Monday, 5 May 2008

Blooming children...

All the hedgerows and woods around here are full of the heady scent of wild garlic, with bluebells, cowparsley, cherry blossom and campions blooming a riot of purples, creams and pinks.

The fields look like someone clicked the 'fill' icon on a computer draw program in the patchwork of deep greens and bright, bright yellow rape seed.

Today was warm, close and muggy, with a rain so light it felt like someone walking in front of you spritzing you with an enormous spray bottle. There are ducklings, lambs, cygnets, babies and bumble bees and I am filled with the sappy, metaphor-abounding , cliche-ridden joys of spring. Breath it in.

Its not just the out doors that is blossoming. Every so often I am completely caught off guard by the boys, and how quickly they are changing.

I'm already feeling the strange grief at the loss of the tiny baby in Noah, who at 8 months is showing his personality. He is affectionate, giggling, squealing, babbling. I am starting to see more and more intentionality and association in his actions. My personal favourite is the way he cuddles up on my shoulder or nuzzles my face while making completely, melting-ly adorable 'ahhhhh' noises in imitation of us. He point blank refuses to crawl or any variation of the above. Did I mention before how I lied to the health visitor about his developmental accomplishments because I'm completely not worried? Well, still not. Frankly would you try and drag your tiny, uncoordinated body and huge head across the room for a wooden block, with plenty of adoring people to just pass it right to you??

Amongst those adoring people in Noah's life is suddenly Jamie. Our no-drama approach to the 'hurting babies' thing seems to have worked, and he has moved through this testing of emotions time into sudden brotherly affection, protection and even camaraderie. The two of the will engage in communal raspberry blowing or squealing given half the chance, delighting the the reaction of the other, egging each other on. I get a brief glimpse into my future here and realise I'm totally out-numbered!!

Jamie is also learning to sign in ASL, initially inspired by a desire to communicate with this uncle Danny. This learning is completely his initiative and has caused one of the moments this week where I have simply had to stop and stare at him, this tall, smart, thoughtful boy. I want to tell the story of this sequence of moments here but its a little drawn out. Skip to the bottom now if you're short of time or inclination :)

We chat about Danny fairly frequently. Not so much what makes him different, but more what makes him 'him'. Dan has severe autism and things are unusual in his relationships to others, including limited speech. This won't come as news to any of you who spend time with children, but they have a remarkable way of taking all things in stride, and from day one nothing about Dan has phased Jamie.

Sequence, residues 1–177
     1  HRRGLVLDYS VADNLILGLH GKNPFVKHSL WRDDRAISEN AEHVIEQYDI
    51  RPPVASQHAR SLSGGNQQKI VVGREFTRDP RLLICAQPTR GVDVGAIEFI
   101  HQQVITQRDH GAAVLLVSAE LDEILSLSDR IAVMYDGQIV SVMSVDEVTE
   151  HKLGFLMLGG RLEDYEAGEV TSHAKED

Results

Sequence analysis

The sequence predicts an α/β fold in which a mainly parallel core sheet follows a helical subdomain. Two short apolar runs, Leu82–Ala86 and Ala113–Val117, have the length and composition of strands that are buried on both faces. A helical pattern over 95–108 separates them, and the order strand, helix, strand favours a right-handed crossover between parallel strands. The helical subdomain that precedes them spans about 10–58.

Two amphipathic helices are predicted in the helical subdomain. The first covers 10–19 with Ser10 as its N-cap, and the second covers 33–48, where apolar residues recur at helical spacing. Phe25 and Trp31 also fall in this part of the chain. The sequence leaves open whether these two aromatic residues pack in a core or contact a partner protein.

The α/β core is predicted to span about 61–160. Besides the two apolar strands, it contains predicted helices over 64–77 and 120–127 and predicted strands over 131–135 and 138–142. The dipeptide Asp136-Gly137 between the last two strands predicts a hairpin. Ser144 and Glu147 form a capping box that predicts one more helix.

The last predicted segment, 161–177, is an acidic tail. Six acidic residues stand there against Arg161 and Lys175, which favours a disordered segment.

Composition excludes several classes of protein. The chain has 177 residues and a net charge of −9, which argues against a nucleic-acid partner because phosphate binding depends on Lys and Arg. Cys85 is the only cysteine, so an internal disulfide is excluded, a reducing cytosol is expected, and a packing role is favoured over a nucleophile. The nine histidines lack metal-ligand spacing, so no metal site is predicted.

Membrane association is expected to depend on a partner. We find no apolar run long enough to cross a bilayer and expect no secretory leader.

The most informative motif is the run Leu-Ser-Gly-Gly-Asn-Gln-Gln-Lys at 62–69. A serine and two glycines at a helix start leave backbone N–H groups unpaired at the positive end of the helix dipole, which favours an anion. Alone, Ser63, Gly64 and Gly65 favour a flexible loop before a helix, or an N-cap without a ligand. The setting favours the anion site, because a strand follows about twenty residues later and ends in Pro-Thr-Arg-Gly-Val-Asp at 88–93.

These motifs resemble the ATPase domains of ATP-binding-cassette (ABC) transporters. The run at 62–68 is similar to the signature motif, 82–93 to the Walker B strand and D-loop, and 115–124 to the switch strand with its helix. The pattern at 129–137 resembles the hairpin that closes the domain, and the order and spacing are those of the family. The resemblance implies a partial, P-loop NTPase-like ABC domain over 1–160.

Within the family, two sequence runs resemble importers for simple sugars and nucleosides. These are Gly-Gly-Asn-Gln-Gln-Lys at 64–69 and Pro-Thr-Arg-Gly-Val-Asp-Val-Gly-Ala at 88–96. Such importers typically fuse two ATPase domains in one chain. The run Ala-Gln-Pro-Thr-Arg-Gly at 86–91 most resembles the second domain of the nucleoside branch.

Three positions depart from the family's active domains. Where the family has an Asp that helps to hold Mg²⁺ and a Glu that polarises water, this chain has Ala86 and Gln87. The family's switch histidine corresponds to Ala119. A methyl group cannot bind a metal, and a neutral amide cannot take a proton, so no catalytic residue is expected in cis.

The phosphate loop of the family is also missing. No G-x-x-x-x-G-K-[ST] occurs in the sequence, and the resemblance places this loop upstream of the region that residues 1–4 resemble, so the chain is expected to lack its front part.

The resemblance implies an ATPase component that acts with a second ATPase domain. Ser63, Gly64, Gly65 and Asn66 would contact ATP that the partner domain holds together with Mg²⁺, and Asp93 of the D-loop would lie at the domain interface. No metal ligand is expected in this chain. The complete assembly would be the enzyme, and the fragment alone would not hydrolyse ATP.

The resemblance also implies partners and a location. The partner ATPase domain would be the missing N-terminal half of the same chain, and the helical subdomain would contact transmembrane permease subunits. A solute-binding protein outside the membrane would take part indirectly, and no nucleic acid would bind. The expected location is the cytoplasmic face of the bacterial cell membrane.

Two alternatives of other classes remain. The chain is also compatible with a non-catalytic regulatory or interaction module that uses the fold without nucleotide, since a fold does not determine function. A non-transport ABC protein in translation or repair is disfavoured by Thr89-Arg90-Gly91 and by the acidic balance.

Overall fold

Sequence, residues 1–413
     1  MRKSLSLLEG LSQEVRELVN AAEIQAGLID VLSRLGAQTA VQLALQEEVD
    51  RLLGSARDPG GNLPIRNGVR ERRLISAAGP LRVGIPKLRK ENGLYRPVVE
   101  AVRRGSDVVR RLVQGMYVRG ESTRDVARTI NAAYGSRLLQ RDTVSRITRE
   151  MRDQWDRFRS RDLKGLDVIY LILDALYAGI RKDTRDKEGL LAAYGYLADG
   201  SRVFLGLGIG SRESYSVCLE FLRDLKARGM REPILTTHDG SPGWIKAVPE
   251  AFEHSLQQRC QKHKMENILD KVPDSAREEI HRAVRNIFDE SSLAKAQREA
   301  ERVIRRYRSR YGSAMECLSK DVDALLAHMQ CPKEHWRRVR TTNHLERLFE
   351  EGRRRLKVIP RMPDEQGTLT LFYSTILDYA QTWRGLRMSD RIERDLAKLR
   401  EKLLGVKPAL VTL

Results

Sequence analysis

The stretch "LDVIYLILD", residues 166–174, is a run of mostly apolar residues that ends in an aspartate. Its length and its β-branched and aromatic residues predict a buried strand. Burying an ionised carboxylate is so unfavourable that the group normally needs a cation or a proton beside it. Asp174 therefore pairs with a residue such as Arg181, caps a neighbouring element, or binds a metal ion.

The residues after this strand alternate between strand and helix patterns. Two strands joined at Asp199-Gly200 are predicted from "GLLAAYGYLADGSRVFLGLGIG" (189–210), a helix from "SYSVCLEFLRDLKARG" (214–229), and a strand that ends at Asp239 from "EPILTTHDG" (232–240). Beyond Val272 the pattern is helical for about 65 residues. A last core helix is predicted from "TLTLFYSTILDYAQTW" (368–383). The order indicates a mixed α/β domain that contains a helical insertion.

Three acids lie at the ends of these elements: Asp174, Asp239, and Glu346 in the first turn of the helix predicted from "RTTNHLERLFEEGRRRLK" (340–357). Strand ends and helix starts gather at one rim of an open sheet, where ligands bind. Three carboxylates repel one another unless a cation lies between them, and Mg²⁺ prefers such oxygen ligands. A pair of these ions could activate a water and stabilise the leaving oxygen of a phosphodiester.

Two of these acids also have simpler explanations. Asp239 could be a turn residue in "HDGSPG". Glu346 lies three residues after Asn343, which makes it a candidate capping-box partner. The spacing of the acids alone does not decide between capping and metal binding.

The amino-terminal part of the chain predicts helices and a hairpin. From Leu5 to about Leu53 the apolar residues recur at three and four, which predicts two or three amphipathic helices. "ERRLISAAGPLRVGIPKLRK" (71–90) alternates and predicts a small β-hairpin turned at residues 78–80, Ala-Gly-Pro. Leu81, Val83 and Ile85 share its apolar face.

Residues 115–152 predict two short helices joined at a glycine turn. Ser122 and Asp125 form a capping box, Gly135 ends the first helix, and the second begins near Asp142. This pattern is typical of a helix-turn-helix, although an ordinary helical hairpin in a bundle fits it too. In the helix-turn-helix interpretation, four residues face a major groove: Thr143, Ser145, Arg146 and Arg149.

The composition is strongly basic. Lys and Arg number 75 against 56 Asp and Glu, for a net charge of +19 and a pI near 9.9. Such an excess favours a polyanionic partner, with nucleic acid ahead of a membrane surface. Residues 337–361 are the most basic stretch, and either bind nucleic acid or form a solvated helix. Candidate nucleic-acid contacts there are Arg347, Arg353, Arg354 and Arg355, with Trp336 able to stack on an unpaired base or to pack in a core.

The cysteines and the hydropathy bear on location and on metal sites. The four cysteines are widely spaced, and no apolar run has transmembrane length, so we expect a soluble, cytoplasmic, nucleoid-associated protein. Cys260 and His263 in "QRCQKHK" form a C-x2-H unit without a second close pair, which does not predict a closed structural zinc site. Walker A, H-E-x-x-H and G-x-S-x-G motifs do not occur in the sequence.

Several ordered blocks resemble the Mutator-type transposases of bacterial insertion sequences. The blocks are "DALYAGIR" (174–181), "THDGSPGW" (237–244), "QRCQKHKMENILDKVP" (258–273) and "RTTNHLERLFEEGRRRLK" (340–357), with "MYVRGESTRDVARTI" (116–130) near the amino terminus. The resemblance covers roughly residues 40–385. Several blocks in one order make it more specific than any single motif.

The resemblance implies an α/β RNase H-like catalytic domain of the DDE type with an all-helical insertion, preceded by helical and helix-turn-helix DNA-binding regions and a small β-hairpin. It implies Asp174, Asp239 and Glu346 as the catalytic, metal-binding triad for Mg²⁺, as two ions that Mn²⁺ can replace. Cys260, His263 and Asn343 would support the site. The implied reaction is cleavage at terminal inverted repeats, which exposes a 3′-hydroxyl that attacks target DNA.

I am keen on 'please' and 'thank you' being said often in our family and this was the stepping stone to the question 'how do you ask for things if you can't talk?' Well, uncle Dan uses some signs, and we playfully showed Jamie 'please', 'thank you' and 'I need to pee' amongst others. Next we chat about how else we talk with our hands (waving goodbye, thumbs up, stop...) and he started inventing his own ('Please may I get down from the table' with lots of wild pointing, waving gestures where he nearly knocks his water tumbling onto the floor, and Marti and I are trying so hard to stifle giggles at this earnest display).

This long story ends like this: tonight, a whole day after the signing conversation, we are eating supper and J asks for a drink. He asks twice, but I won't make a move until he says the obligatory 'please' and he knows it, but alas he has put another fork full of mash and peas into his mouth.

I wait, but the drink situation is obviously urgent and we suddenly realise he is signing 'please' in his uncoordinated, 3 year old, but unmistakable way. I am momentarily stopped in my tracks by the way my first born baby has not only remembered the demonstration with no hint to a prompt, but integrated and transferred it to this situation. And he didn't talk with his mouth full. There is hope yet :)

The universe is blossoming everywhere I look.


Louise said...

Wow, children amaze me on a daily basis! How do they LEARN stuff? It makes my head spin.

daydreamymama said...

Hi Kate, What an amazing story! These kids of ours are awe-inspiring. Given half a chance, they will absorb such richness from the environment around them, and reflect it back with unself-conscious generosity. It just makes me think, over and over, that the possibilities in the world are much bigger and more varied than we tend to think.
I love reading your blog!

Also: thanks for your kind comments on mine. I've been responding to you there, but it doesn't seem the best way. I'm new at this blogging thing, so let me know if there's a better one!